To think that the sex
Should be no better treated than Combe's double XI
Sure some one might run to the Abbess, and tell her
A much better method of stocking her cellar.”
If ever on polluted walls
Heaven's right arm in vengeance falls,-
If e'er its justice wraps in flame
The black abodes of sin and shame,
That justice, in its own good time,
Shall visit, for so foul a crime,
Ope desolation's floodgate wide,
And blast thee, Netley, in thy pride!
Lo where it comes !—the tempest lowers,
It bursts on thy devoted towers;
Ruthless Tudor's bloated form
Rides on the blast, and guides the storm;
I hear the sacrilegious cry,
"Down with the nests, and the rooks will fly!"
Downl down they come-a fearful fall —
Arch, and pillar, and roof-tree, and all,
Stained pane, and sculptured stone,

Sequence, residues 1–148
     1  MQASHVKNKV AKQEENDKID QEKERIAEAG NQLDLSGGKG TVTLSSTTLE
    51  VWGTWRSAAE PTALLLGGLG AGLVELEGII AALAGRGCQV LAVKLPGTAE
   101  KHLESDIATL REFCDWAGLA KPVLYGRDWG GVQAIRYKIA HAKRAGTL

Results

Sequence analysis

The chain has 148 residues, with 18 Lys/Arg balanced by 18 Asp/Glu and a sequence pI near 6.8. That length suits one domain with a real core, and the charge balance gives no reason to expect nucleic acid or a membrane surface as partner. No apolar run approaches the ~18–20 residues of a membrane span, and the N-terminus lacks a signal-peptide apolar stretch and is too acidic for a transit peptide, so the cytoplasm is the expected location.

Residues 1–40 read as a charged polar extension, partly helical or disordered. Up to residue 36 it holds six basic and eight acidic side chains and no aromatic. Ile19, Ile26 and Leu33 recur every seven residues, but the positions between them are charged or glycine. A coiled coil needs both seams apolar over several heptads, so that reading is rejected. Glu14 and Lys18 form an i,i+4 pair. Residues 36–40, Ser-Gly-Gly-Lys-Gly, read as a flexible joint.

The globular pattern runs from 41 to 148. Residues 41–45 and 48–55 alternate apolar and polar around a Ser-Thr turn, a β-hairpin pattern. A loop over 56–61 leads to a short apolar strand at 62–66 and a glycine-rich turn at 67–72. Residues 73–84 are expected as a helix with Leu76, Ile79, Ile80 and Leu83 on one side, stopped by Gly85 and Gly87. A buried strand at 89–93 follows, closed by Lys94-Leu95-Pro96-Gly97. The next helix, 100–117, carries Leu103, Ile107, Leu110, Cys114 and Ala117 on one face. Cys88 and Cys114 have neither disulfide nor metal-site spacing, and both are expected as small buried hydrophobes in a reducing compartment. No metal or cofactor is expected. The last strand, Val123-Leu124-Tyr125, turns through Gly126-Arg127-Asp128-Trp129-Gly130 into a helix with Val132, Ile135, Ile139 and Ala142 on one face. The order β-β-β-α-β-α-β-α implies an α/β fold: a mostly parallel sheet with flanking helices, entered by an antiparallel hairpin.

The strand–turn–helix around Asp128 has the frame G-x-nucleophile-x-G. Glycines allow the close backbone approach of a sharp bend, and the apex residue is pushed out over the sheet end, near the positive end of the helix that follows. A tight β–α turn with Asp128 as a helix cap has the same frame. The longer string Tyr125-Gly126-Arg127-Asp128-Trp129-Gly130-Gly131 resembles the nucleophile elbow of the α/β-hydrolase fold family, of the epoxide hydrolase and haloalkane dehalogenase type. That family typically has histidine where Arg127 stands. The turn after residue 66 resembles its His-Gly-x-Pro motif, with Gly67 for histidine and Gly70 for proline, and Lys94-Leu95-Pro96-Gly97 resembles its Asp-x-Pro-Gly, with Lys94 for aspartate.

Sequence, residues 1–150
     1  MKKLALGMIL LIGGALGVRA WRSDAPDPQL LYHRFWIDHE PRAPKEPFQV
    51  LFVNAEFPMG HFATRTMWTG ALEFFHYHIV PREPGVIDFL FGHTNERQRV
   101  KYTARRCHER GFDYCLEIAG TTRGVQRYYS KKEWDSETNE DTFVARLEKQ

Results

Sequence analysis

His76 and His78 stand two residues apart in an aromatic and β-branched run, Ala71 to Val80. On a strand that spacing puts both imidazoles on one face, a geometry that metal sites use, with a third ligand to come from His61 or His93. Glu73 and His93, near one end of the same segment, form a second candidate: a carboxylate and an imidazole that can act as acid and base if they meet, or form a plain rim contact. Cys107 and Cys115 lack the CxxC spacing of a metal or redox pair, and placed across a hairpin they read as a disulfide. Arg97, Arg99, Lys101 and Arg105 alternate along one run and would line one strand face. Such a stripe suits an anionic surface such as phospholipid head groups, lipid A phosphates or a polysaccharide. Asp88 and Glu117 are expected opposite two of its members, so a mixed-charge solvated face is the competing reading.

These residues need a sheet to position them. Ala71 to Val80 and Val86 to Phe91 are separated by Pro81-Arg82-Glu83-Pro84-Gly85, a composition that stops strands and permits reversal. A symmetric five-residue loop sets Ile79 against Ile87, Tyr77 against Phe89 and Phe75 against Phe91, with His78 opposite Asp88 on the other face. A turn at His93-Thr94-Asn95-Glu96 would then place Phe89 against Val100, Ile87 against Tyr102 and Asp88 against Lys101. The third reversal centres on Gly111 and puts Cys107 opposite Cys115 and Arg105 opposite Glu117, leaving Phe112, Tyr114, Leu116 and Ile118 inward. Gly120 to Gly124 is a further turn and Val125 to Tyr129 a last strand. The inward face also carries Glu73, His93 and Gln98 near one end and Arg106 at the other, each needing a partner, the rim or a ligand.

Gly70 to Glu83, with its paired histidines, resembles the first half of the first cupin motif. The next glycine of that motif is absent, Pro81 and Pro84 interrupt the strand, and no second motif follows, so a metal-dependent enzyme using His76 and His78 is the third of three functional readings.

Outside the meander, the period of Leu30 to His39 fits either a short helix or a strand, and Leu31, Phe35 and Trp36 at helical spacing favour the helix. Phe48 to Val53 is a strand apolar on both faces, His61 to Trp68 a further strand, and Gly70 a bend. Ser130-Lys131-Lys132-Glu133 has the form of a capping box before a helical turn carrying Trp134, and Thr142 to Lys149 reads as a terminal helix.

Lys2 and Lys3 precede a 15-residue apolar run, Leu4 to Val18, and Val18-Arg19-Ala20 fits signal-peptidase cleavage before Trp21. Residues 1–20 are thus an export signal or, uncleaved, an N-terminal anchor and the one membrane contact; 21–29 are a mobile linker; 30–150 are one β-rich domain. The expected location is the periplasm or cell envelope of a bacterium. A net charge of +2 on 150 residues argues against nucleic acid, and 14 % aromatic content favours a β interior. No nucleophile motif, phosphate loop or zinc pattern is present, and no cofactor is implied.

There they lie on the greensward strown--
Moldering walls remain alone!
Miter, and crozier, and all are flown!
And yet, fair Netley, as I gaze
Upon that gray and moldering wall,
The glories of thy palmy days
Its very stones recall !
They "come like shadows, so depart”-
I see thee as thou wert—and art-
Sublime in ruin !-grand in woe!
Lone refuge of the owl and bat;
No voice awakes thine echoes now!
No sound-good gracious !-what was that?
Was it the moan,
The parting groan
Of her who died forlorn and alone,
Embedded in mortar, and bricks, and stone ?---
Full and clear
On my listening ear
It comes-again-near and more near-
Why zooks! it's the popping of Ginger Beer!
- I rush to the door
I tread the floor,
By abbots and abbesses trodden before,
In the good old chivalric days of yore,
And what see there?
In a rush-bottom'd chair
A hag surrounded by crockery-ware,
Vending, in cups, to the credulous throng
A nasty decoction miscallid Souchong,-